Minimally Invasive Hip Correction Procedure
Minimally Invasive Knee Correction Procedure
Rotator Cuff Injury Treatment
Scoliosis Correction Surgery
Treatment Of Meniscus Injury
Acl Reconstruction Procedure
Column Traumatology Procedure
Treatment of Mckinzie Treatment For Spine
Pelvic Rehabilitation Techniques
Rf Neurotomy Procedure
Treatment of Rheumatic Complaints
Treatment Of Lumbago
Custom Splinting Bracing Procedure
Treatment of Joint Dislocation
Joint Mobilization Procedure
Treatment of Disc Prolapse
Joint Replacement Surgery
Treatment of Limping Child
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The human body experiences various types of aches and pains from time to time depending on injuries and other kinds of joint, muscle and nerve pain and various types of these pains include somatic pain, visceral pain, and neuropathic pain.
While somatic pain refers to the pain that comes from injuries caused to muscles, connective tissues and joints; visceral pain happens due to inflammation and excessive stretching of organs. Finally, neuropathic pain is a more long lasting kind, which can be caused by conditions like cancer, HIV or Shingles. The pain can be acute or chronic. Read on to find out more about pain management.
- Somatic Pain: This type of bone pain is usually localised and can increase with movement, becoming sharper with increased motion. Somatic pain can usually be treated with the help of analgesics, which treats the area suffering from pain, especially for pain that takes place due to surgical incisions and other dull aches or sharp pains that are localised. This kind of pain can also be treated with physiotherapy, acupressure and other exercises based on the area of pain.
- Visceral Pain: While this kind of pain can be treated with the help of medication, it also usually improves and fades with time. The medication for this kind of pain usually alters the neurotransmitters of the brain that convey pain signals and trigger pain in the body. This medication also helps in bringing down the inflammation for pain improvement.
- Neuropathic Pain: This kind of pain is usually accompanied by irregular limb movements and discomfort as well as motions like twitching. It is a more permanent kind of pain that lasts long and causes greater discomfort than the above two kinds of pain. Neuropathic pain can be treated with the help of anticonvulsants, which usually help in preventing the nerve pain and irregular movements that can trigger from this kind of pain. It also impacts the serotonin level and other chemicals in the brain for better nerve pain management and act as an anti-depressant as well.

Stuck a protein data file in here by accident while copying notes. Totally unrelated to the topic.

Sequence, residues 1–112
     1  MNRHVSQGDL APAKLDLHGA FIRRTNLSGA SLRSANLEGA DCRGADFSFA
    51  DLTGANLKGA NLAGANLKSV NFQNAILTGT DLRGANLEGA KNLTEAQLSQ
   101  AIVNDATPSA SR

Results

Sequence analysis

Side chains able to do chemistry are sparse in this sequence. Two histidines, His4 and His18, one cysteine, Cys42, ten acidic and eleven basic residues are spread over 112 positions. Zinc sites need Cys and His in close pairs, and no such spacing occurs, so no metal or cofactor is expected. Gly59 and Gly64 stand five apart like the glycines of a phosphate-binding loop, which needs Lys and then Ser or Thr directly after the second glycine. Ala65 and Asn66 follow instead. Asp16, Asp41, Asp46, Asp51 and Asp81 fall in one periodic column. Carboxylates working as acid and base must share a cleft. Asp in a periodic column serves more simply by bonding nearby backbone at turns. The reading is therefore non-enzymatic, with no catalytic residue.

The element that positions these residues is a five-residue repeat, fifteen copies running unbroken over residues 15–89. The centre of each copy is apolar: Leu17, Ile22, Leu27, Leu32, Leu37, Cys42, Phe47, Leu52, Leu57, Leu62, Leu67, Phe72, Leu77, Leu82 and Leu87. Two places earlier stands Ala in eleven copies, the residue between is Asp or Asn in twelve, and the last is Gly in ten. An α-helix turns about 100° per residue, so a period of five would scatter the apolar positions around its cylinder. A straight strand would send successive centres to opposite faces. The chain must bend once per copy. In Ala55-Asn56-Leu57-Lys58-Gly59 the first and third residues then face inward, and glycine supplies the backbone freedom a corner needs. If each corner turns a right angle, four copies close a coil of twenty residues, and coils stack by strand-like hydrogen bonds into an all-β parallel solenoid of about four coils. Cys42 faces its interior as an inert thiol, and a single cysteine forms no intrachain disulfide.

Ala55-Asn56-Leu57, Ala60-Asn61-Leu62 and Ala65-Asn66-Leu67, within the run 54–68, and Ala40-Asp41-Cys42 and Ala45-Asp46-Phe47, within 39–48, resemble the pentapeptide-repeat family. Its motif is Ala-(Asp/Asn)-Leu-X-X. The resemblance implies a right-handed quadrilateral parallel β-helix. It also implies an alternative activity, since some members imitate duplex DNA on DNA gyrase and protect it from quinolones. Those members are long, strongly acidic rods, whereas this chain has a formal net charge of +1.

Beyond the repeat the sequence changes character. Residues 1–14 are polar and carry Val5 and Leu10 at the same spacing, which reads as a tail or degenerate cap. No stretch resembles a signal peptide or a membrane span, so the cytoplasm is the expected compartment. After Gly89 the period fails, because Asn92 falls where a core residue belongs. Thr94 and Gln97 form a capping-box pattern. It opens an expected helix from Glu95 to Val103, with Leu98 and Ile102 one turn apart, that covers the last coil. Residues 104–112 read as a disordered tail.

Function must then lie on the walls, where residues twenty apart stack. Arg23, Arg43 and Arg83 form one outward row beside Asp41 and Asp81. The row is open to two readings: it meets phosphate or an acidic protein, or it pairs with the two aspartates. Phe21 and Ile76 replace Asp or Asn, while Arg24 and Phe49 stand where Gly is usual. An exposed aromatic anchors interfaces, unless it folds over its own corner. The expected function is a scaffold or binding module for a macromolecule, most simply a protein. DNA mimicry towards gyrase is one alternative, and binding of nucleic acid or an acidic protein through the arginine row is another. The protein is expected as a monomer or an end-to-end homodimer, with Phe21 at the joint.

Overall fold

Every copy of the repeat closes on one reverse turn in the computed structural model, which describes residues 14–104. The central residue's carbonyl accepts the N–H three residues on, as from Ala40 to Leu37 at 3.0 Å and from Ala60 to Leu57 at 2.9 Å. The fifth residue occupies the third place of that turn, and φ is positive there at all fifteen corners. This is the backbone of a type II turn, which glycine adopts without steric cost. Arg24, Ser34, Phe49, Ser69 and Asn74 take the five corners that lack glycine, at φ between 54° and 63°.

The various kinds of pain discussed above can be treated in different ways, both in medicated and non-medicated ways, however, the method will depend upon whether the pain is acute or chronic.
A fracture separates a single solid object into two or more pieces due to pressure. In medical terms, a fracture refers to a broken bone due to some kind of external trauma. A crack in the bone, on the other hand, it does not cause a clean break in the bone, there is only a separation or discontinuity in the bone material.
A crack in the bone caused due to repeated stress is often called as 'hairline fracture'. Here are the basic differences between a crack and a fracture in the bone and how to treat them:
- A crack or hairline fracture is rarely caused by a single injury. It is usually the result of bone fatigue, which may be caused due to repeated, concentrated stress over a long period of time and thus, it is also called as 'stress fracture'. Other bone fractures are almost always the result of sudden and severe force on the bones.
- The skeletal system constantly remodels itself. The cells, known as 'osteoblasts' absorb calcium and secrete bone connective tissue. If a particular site is exposed to recurrent bouts of force (which are individually not impactful enough to cause a crack), over time the osteoblasts in that region malfunction and the crack appears. Muscular exhaustion can also cause cracks in the bone. Fractures are caused due to sudden external single force trauma to the bone. Nutritional problems like deficiencies of Calcium, Phosphorus, vitamin D and excessive smoking decrease the bone mineral density and increase the chance of both cracks and fractures.
- Symptoms of a crack are swelling, tenderness and sharp pain in the injured region and the symptoms worsen over time. A fracture has similar symptoms and might also exhibit an external physical distortion and makes it impossible to move that part of the body that where the bone is broken.
- An MRI is often suggested for detecting the crack or crack-prone areas because an X-ray can only detect the crack after it widens somewhat or the bone starts paining because the rays cannot pass through the tiny gap in bone material. A fracture is easily detectable by an X-ray because the rays pass right through the break.
- Complete rest for six to eight weeks is the most effective way of healing a crack. Using a walking boot in case of cracks in the leg bones in also helpful. Healing fractures require extensive medical intervention. Surgical techniques like bone grafting and the insertion of metal plates are used to reposition the broken bone.